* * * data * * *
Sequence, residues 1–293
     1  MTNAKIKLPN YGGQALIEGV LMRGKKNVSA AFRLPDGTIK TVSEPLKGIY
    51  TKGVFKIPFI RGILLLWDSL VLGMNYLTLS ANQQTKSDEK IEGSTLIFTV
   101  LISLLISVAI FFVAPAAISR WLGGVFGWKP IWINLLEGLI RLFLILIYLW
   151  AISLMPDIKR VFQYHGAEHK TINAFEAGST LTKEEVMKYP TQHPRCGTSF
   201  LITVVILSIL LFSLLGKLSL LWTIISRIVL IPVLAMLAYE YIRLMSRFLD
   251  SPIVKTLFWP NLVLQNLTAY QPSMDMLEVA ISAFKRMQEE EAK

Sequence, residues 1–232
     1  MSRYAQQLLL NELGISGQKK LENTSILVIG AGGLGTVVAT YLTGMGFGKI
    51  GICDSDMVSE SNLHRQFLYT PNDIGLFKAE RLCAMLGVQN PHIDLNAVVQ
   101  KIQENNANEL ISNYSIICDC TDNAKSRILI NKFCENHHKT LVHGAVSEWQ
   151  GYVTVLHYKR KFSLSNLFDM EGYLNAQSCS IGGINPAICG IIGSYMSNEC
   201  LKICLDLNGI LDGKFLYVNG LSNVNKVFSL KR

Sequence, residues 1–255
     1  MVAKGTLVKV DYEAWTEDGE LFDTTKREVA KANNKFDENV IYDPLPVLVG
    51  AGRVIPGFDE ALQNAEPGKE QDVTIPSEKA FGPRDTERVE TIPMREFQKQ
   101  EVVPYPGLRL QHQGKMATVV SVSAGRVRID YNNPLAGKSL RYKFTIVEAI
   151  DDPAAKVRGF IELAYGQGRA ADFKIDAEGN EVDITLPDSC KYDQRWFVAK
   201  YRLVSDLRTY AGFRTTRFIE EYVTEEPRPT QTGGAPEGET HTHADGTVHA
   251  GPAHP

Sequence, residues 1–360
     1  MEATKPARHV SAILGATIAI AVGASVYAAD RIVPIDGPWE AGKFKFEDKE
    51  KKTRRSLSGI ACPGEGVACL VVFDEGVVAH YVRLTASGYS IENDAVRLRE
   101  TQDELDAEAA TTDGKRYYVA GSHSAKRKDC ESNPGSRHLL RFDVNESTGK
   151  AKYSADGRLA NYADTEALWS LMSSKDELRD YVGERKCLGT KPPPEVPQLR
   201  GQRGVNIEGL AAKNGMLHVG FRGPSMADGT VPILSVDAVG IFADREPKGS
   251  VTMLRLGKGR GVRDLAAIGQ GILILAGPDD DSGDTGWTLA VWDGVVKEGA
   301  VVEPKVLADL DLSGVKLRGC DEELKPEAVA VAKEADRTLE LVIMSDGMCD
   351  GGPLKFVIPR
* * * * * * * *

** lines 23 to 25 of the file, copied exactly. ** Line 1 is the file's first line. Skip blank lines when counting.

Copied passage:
    51  KKTRRSLSGI ACPGEGVACL VVFDEGVVAH YVRLTASGYS IENDAVRLRE
   101  TQDELDAEAA TTDGKRYYVA GSHSAKRKDC ESNPGSRHLL RFDVNESTGK
   151  AKYSADGRLA NYADTEALWS LMSSKDELRD YVGERKCLGT KPPPEVPQLR